Thursday, 30 August 2012

Reason #17 why e-sports will never make it mainstream

 
 
And it's not just because pro-gamers (because it's not a fucking sport, ok) are either have the personality of a house brick or are homicide inducing, obnoxious twats. Because the whole concept of professional gaming has been dragged through the syphilitic mud as two gaming teams, Curse NA and Team Dignitas (no, I don't know if they're sponsored by the assisted suicide clinic) had their victories and prize money stripped from by pro-gaming organiser, Major League Gaming, for both colluding to manipulate the brackets and share the prize money on popular douche bag magnet, League Of Legends. Which- to the uninitiated- is kinda along the lines of Warcraft meets Counter Strike Source. 
Essentially what both teams did was play one of the championship series games, "all random, all mid" (ARAM) meaning, instead of all players on each team picking their best champion to fight their way up along the field of play. Both teams picked their champion at random and only played in the middle section. It's what many LOL players do to play socially. Just for the hell of it. And certainly not when there's thousands of dollars at stake. Try to imagine, in the middle of a world championship boxing match, both fighters- just for the larks-  would decide to  fight with one arm behind their back and not hit so hard with their free one. Because it doesn't matter who wins, they're sharing the prize purse. Technically they're doing nothing wrong. There's no rules about doing something like that. But it spits in the face of everyone who works their arse off to reach the pro ranks and to those that paid money to see you perform on the main stage. That's what the borderline autistics at Curse and Dignitas did. Which lead Curse NA to apologise, via youtube, like a bunch of naughty schoolboys who had been caught playing soggy biscuit 'round the back of the school gymnasium.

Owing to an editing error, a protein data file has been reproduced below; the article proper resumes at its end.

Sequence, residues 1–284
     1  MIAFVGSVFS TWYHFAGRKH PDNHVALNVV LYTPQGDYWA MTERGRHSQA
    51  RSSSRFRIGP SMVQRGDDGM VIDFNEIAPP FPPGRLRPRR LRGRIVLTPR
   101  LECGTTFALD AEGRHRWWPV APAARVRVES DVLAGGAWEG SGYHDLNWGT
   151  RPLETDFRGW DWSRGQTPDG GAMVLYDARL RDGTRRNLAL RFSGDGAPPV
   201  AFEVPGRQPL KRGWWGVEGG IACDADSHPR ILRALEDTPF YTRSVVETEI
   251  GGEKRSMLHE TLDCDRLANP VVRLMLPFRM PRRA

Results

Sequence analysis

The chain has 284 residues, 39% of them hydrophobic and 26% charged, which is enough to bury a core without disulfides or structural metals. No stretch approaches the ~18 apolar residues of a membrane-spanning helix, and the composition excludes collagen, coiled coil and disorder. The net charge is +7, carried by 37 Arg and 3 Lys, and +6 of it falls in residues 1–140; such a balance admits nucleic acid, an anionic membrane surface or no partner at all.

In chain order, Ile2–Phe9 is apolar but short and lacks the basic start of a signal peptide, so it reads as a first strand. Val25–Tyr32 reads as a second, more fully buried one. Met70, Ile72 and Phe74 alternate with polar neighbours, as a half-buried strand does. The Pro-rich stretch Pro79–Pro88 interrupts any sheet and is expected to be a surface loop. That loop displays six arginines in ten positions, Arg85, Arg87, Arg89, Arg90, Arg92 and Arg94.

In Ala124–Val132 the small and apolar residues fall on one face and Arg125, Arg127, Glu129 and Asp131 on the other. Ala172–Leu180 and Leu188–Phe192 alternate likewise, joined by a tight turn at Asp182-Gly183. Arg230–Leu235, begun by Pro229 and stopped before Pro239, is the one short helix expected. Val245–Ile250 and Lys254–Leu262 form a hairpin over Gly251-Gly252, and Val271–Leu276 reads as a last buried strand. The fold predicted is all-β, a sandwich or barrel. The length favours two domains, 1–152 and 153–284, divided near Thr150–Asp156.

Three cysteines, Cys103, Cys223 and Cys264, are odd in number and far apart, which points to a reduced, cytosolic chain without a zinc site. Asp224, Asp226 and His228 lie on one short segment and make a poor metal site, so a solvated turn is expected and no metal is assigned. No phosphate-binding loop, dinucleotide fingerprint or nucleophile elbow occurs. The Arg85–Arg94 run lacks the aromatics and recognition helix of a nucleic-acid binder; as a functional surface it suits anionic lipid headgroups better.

General skulduggery and twattishness is nothing new in pro-gaming, just ask ladies man, Justin Wong (seriously girls, when he buys you a little teddy bear, run!). Some pro-gamers think being a pro means they get to arse play whatever game they like for money, while still acting like the complete cunt-basket they normally are while online. Wrong! People aren't paying money for you to extend your teenage years and hit on Asian girls. People are paying to see you play at the peak of your skills against other players/teams or equal ability. They want to see the best go at it, not dick around because you're sharing the prize money anyway, so it's no  problem. Being a professional means you give 100%, not matter what, and you're paid for it you mithering  shit stains. You're supposed to be the best in the world and you treat it like a glorified coffee break!
When this story broke, I was reminded of the time the boss of a pro-gaming team said what would make pro-gaming really hit the big time is if people were allowed to bet on the results of competitions. Great idea, as if   the whole pro-gaming scene didn't have enough corrupting influences already, what with long time players being buddies of tournament organisers or being part of the organisation itself, it looks like it's gonna be a long time until the word "professional" means anything in gaming tournaments.

Wednesday, 29 August 2012

This years Eurogamer Expo is gonna be hillarious

 
 
Iconic, disappointment merchant, Peter Molyneux will be attending this years Eurogamer Expo to deliver a developer session about his upcoming 22 cans project. Whether he'll confirm that the name 22 cans came from how wasted he got to come up with his ideas in unknown. But one things for certain. It's gonna be worth slowly choking on the body odour of the patrons (seriously guys, it's a packed games convention, bring some fucking deodorant) just hear what new gem of pure idiocy Molyneux will come up with this time. Like when he considered the idea of charging actual money for weapons in Fable. Saying  crap ipad knock off with a analogue stick was too difficult to use or develop for and of course, the £50,000 DLC.

Fuck knows what mental concept he'll come up with after "Curiosity: what's inside the cube" and the just announced "Cooperation" (in which everyone on the internet laughs at Molyneux's gradual mental breakdown) and the other 20 projects he's working on.